This book aims to provide a view of the British Empire in the late 19th and early 20th centuries from an Indian perspective, using the “Indian Ocean Arena” as a geographical reference point for navigation. Metcalf argues that India lay at the heart of Britain’s vast overseas empire, representing a centre of order and laying the institutional and legal frameworks for later, smaller colonies—in other words, its contributions to the British Empire cannot be underestimated. Apart from examining the ways in which the India of the Raj shaped other British colonies, the author also considers the profound influences colonialism and rapid globalization had on Indian society and cultural identity. The book ends with a discussion of the reasons for the decline of what Metcalf calls an “Indian-centered sub-imperial system.”
Scope (Topics Covered, Time Period)
Metcalf devotes the bulk of his discussion to the 1890-1920 period. This, according to him, was the peak of the Indian-centered colonial system. It was during this period that India successfully reaped the full benefits of strong membership in an international community, and extended its influence in profound ways to other British colonies—for instance, the Malay states. Metcalf does not only focus on Indians in their home country; overseas settlements—most notably those in East Africa— comprising Indians who left India in pursuit of work or economic opportunities, willingly or otherwise, also enjoy much attention.
Metcalf also takes a thematic rather than chronological or narrative approach: they consider the institutions of colonial governance; the construction of cultural identities among colonial peoples; the role of the Indian Army and Indian colonial police forces in securing the British Empire; and case studies of Natal’s agencies in India and the transformation of East Africa into an “extension” of India. “India” is thus portrayed as a truly international entity.
Argument (Methodology, Significance)
In his discussion, Metcalf points out that colonies did not exist in isolation from each other, and that their relationship with the metropolis was not a one-way affair. It is true that Britain fundamentally changed the ways in which its colonies functioned; but colonial India saw its institutional and legal structures, as well as its cultural practices, replicated or imitated elsewhere all over the world. Colonies could affect each other as profoundly as colonizers did. The authors argue, therefore, that empires were intricate webs in which metropolis and all colonies influenced each other in various ways. Ironically, the British Empire revolved around India: “the Raj made the British Empire possible”, and the Indians, serving as civil servants, police officers, or soldiers, were deployed as agents of British colonialism to play their part in conquest.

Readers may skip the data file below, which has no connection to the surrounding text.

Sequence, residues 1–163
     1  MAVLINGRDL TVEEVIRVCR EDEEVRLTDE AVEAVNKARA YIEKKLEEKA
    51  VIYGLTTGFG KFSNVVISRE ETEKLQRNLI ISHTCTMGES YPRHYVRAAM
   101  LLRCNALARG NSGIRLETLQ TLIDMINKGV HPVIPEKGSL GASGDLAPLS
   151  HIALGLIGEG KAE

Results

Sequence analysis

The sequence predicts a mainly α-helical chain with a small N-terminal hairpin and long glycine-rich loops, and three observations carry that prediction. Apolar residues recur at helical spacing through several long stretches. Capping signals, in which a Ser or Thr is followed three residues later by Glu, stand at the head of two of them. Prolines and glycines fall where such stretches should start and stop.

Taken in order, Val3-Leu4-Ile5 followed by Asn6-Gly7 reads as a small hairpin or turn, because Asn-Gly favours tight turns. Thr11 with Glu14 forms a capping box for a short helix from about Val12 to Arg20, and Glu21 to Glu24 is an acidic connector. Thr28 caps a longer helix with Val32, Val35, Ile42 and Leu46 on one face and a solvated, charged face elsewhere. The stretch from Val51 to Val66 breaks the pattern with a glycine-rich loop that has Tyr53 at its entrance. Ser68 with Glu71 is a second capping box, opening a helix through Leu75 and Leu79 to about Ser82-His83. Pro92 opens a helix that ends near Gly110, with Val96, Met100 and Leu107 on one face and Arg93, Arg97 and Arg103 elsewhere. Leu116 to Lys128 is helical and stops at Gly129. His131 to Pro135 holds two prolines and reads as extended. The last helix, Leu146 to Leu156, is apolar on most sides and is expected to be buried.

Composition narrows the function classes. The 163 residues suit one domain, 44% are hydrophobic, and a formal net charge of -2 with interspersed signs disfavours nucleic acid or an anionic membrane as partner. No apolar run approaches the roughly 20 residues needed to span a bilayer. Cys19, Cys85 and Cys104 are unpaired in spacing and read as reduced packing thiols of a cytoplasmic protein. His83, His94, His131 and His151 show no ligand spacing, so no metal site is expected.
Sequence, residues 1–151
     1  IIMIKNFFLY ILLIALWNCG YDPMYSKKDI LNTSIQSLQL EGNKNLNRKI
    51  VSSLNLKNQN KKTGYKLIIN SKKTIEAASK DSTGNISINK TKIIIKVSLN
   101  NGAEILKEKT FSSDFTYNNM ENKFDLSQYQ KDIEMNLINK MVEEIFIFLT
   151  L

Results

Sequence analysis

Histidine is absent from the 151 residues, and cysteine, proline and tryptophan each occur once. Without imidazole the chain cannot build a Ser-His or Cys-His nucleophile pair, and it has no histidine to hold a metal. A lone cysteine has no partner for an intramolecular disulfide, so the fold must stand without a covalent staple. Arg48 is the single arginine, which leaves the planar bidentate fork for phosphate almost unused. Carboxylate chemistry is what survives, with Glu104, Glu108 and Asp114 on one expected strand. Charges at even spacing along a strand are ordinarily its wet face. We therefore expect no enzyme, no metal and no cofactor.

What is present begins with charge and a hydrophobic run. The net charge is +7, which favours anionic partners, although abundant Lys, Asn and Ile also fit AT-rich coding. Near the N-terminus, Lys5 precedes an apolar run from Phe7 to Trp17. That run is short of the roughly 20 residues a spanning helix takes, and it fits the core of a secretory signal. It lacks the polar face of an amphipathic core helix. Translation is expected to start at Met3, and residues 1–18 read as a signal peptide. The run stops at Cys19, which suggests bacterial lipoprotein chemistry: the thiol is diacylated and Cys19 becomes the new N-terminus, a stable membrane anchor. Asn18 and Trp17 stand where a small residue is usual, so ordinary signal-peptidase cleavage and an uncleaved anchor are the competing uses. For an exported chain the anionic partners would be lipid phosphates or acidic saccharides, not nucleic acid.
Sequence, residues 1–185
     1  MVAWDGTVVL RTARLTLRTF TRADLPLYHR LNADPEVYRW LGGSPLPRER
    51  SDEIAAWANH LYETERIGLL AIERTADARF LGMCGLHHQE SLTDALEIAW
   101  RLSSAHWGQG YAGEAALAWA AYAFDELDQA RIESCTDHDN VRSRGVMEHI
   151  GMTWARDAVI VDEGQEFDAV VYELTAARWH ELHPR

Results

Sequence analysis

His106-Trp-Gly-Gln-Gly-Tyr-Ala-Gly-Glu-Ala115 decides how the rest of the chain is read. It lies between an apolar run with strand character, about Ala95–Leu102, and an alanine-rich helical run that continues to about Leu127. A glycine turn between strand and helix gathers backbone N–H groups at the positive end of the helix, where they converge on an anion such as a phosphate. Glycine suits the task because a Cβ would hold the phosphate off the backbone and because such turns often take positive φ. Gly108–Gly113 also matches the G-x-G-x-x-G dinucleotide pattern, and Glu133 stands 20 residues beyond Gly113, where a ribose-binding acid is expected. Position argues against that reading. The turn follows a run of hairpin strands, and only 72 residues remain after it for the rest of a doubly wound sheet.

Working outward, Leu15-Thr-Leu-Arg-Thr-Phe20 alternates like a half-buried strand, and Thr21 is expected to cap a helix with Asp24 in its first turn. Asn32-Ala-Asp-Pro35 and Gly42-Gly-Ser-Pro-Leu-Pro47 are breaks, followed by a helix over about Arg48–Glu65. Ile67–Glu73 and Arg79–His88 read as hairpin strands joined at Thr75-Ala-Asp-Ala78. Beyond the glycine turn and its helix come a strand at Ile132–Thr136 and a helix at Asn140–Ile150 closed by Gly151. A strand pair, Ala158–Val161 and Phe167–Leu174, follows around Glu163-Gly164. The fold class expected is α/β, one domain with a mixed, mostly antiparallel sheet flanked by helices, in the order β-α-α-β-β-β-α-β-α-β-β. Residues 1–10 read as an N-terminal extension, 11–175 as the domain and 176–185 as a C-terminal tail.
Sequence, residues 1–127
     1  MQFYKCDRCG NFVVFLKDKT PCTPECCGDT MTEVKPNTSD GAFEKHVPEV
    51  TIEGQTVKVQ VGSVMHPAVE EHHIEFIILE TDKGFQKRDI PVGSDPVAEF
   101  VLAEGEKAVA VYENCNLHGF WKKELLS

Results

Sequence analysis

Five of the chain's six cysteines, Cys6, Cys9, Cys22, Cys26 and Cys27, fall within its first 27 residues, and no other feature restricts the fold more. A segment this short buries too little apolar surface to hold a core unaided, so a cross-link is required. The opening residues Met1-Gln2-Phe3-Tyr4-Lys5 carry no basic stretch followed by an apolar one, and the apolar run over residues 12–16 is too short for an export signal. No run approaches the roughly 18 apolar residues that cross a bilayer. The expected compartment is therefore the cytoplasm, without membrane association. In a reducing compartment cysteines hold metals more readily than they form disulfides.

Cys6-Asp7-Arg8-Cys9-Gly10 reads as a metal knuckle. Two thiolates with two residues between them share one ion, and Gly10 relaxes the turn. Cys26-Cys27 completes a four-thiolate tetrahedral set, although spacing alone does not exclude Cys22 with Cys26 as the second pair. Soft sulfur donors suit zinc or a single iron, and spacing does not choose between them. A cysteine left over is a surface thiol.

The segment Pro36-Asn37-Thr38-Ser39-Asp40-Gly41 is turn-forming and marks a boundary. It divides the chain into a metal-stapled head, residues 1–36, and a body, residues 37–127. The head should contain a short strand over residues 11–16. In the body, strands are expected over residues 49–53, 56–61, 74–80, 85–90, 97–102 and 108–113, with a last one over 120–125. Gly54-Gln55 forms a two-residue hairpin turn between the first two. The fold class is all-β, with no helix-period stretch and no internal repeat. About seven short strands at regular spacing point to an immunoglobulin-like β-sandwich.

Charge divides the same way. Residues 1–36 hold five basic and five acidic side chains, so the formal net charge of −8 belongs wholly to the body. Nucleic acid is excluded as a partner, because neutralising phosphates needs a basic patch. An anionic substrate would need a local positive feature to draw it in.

Interestingly, Metcalf also points out that empire represented a double-edged sword for the Indians, providing opportunity while threatening discrimination. Many Indians in fact swore loyalty to the British Crown, accepting empire as the framework of their lives and recognizing that they had benefited from colonial policies in areas such as education. Indian discontentment with British rule was not always equated with a desire for independence, an association most readers make too quickly; rather, Indians wanted to become full citizens of empire. Colonialism was tolerable, even desired, if the opportunities it represented could be tapped on. It was only when such expectations were disappointed by events such as the 1919 Amritsar Massacre that the Indians grew disillusioned with empire, and began to agitate for independence and statehood. Certainly, Metcalf spends considerable time pondering the question of whether Indians ultimately benefited from the colonial experience. While they suffered many injustices, he concludes that colonialism also opened doors which otherwise would always have been closed.
The book ends with the crumbling of first Indian prominence in the British Empire, and then the Empire itself. Indian labor in various fields had been indispensable in the beginning stages of British colonialism, but they were rapidly outliving their purposes. Restrictions on Indian migration to other colonies, among other policy reversals, cut loose the ties India had enjoyed with other British colonies, isolating it and limiting its contact with and influence on them. The Great Depression and World War II sealed the fate of the British Empire, and with it, the domination of India amongst similarly colonized territories.
Annotated by Jennifer Yip